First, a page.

We have identified three information constants typical of all the groups of open sources (until 1991) on diamonds: A) The main motive for the creation of the USSR diamond industry was the desire to get rid of the need to import industrial diamonds since their import threatened the development of industry, primarily, the defense industry; B) In 1950, the West imposed an embargo on the supply of industrial diamonds to the USSR, which intensified the exploration of own deposits in the country; C) At least before starting the development of the Yakut deposits, the USSR overcame the embargo by means of smuggling the African diamonds, using diplomatic mail channels, among other things.

These three constants are the “reference points” (not the only ones, but most significant) of the USSR industry diamond cover story and in one form or another, they are in all the groups of sources, they are obvious and at the same time, practically cannot be verified.

Indeed, point A is quite convincing; undoubtedly, there existed such a motive, but how can you check whether it was the main driver for the creation of the USSR diamond industry? At first glance, point B is also OK as in 1949, the Western countries established the CoCom (Coordinating Committee for Multilateral Export Controls) and industrial diamonds were included in the lists of goods banned from supplying to the Soviet Bloc. In this case, you don’t even need to prove anything, do you? Well, point C is generally simpler than ever, everyone knows when there is an embargo, there is smuggling, it can’t be otherwise. The curious people are asked not to worry as everything is transparent, there is nothing to check, and it is impossible to check in open sources. Everything is in full accordance with the above “Regulations on Making Up a Cover Story ...” that read that “Cover stories must be believable, convincing and continuous, and their fictional part should be difficult to verify. The information presented in the cover stories should not allow for an ambiguous interpretation and arouse an additional interest in the sensitive enterprises (works)”. And not a single historian, economist or political scientist, domestic or foreign one, showed an “additional interest”.

The last stage of “exposing cover stories” is the refutation of the established information constants. Since we act in a lawful manner only, archival funds are the only tools that can be used in this case. The task was set as follows “To document that the USSR regularly imported industrial diamonds through official channels from 1950 to 1957 in quantities sufficient for the industry functioning”. Thus, the information constant B became the main target, it was obvious that in the event of its refutation, the constants A and C were destroyed automatically. But, despite the clearly defined time interval, it seemed just impossible to fulfil the huge amount of work. The required documents could be in four federal archives and they could be in a special repository. Unfortunately, the Russian archives are very poorly digitized and searching in electronic catalogues is not effective. And it takes years and huge patience to look through thousands of archival files.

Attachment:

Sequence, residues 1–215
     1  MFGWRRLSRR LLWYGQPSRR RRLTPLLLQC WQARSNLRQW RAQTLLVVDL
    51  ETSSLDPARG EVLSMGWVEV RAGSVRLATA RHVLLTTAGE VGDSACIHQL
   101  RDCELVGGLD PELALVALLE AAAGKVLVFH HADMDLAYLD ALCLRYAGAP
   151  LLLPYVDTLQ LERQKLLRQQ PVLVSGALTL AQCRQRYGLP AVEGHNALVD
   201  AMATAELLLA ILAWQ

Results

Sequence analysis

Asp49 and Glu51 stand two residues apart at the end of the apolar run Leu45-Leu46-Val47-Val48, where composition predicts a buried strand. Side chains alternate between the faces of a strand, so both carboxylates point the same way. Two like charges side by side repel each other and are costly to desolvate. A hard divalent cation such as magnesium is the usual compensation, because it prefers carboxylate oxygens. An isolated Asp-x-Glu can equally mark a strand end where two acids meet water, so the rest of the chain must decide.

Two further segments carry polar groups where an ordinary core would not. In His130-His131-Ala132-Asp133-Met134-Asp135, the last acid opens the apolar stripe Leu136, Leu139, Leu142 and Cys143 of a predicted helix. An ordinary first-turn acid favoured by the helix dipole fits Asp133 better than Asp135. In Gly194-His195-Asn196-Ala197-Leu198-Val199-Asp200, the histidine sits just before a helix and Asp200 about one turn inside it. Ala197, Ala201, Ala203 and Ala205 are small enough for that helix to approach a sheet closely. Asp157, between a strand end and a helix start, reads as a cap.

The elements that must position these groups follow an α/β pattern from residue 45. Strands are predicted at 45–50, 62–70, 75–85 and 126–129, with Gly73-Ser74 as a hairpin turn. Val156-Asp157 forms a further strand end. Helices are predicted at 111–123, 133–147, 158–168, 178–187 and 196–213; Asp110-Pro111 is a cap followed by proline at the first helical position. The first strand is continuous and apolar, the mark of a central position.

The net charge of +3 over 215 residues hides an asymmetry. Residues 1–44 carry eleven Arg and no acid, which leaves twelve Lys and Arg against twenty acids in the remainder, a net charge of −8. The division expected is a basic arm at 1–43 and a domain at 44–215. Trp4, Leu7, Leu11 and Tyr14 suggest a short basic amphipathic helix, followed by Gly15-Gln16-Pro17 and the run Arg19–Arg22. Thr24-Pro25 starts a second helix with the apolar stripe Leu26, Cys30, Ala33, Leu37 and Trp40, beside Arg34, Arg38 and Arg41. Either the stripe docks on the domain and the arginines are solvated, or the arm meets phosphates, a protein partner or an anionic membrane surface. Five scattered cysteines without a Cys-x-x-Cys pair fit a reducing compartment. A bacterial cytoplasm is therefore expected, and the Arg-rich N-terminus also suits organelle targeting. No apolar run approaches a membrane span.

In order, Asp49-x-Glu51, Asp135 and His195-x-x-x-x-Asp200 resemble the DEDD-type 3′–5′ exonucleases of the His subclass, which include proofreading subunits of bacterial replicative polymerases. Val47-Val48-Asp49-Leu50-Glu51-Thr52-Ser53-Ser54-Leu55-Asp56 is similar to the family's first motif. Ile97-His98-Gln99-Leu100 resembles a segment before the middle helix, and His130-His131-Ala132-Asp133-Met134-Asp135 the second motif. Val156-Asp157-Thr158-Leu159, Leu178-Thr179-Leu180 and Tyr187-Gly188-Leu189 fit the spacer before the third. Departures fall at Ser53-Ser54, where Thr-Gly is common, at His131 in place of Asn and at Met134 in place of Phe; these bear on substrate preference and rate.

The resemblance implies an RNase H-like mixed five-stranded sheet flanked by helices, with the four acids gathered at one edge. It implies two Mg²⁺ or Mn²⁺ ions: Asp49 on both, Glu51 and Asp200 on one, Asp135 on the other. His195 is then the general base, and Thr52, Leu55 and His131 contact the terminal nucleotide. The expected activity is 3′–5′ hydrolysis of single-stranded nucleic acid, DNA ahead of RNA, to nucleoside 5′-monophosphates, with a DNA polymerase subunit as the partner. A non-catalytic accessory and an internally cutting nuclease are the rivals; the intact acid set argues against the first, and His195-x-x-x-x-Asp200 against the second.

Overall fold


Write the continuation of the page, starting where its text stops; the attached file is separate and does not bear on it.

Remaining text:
I had to resort to subterfuges. In December 2013, Rough&Polished published my article “Legend about the ‘Diamond Embargo’, which categorically stated that the 1950 embargo on the supply of industrial diamonds to the USSR was bogus stories, an element of an industry cover story. A number of indirect evidences were cited in the article that could serve as a subject for discussion. But there were no direct evidences, moreover, at that moment I didn’t even know if they existed at all and where to look for them. The article was a classic active measure, “probing” into the information space in the hope of getting an adequate response. The probing worked. An elderly former employee of the USSR Ministry of Foreign Trade (unfortunately, the deceased now) got in touch and kindly suggested the direction of the further search.

The first case I found in the State Archive of the Russian Federation thanks to the recommendation of the USSR Ministry of Foreign Trade’ employee, was entitled “On the Purchase of Special Tools and Analytical Balances from England Required for the Acceptance of Industrial Diamonds”. I would like to cite the central document of this dossier reading “Ministry of Foreign Trade. July 22, 1952. Secret. Attn: Deputy Chairman of the Council of Ministers of the USSR Comrade Mikoyan A. I. In connection with the forthcoming significant purchases of industrial diamonds from England, the USSR Trade Mission in London needs special tools and analytical balances to accept them, check their quality, sort and weigh them on the spot. Please authorize the purchase. The estimated cost is 1.6 thousand roubles. The draft order of the Council of Ministers is attached. Deputy Minister of Foreign Trade S. Borisov”2.